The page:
Art Stage Singapore 2015: Fabienne Verdier and Nan Qi

21 - 25 January 2015 - Art Stage Singapore 2015

At Art Stage Singapore 2015 Booth C13, Art Plural Gallery presented the solo exhibitions of French artist Fabienne Verdier and Chinese ink artist Nan Qi. These exhibitions unveiled 5 significant new paintings by Fabienne Verdier, who created them especially for the occasion, and 20 intricate ink drawings by Nan Qi.

Born in Paris in 1962, Fabienne Verdier is an internationally celebrated artist who bridges the dialogue between Eastern and Western artistic traditions. In fact, she is one of the very few Western artists to have mastered traditional Chinese ink painting. Having spent 10 years studying traditional ink painting under a Chinese master in Chongqing, China, Verdier has since created an iconic pictorial language that merges these traditional painting techniques with influences from Western art history. Working standing up, Verdier uses a giant suspended animal-hair brush, not unlike the calligrapher’s vertical brush that links heaven and earth, to create her works. The process is both meditative and performative; as Verdier moves with the brush, she responds to the forces around her, transmitting these universal truths and energy into her work at the point of equilibrium.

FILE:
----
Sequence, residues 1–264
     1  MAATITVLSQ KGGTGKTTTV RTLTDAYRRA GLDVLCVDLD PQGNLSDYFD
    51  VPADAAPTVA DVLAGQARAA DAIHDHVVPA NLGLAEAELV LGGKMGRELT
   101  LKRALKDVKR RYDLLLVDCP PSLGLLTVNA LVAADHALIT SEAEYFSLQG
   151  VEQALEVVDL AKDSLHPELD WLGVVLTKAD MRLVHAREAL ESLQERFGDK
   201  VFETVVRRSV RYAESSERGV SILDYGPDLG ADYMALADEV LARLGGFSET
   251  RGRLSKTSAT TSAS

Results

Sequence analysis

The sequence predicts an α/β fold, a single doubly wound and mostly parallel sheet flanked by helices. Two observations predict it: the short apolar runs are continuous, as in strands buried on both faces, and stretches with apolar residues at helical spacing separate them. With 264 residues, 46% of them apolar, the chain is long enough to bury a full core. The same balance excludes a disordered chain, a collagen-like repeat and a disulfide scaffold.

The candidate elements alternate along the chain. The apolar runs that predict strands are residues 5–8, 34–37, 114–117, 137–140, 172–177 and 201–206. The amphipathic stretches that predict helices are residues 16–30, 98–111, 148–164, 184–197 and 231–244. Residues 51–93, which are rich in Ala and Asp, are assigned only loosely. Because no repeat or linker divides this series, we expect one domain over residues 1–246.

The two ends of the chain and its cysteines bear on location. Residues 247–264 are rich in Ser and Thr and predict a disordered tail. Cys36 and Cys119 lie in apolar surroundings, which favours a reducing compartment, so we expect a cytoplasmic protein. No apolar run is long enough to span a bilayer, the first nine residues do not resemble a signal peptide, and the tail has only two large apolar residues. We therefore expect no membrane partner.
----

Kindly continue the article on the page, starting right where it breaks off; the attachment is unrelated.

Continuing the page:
Chinese artist Nan Qi’s bold ink portraits reflect the role of political power in dictating China’s contemporary society. Born in the Zhejiang Province in 1960, Nan Qi’s experience of the Cultural Revolution was complicated by his early involvement and training in the Army of Communist China. Reflecting on his conflicted beliefs, stoic portraits of young Mao Zedong and young Xi Jinping rendered in varying degrees of painted opacity gaze just beyond the viewer, focused on the world they see beyond. With the lightening of the ink comes a gradual sense of uncertainty, questioning the strength of the portrait and what it stands for. However, one figure stays true; the front-facing lion stares down at the viewer with an unwavering gaze, dressed in powerful red and standing tall as the ideal of power. Nan Qiposes the question that more and more are beginning to ask: is power an award given from others or does the strongest power come from within?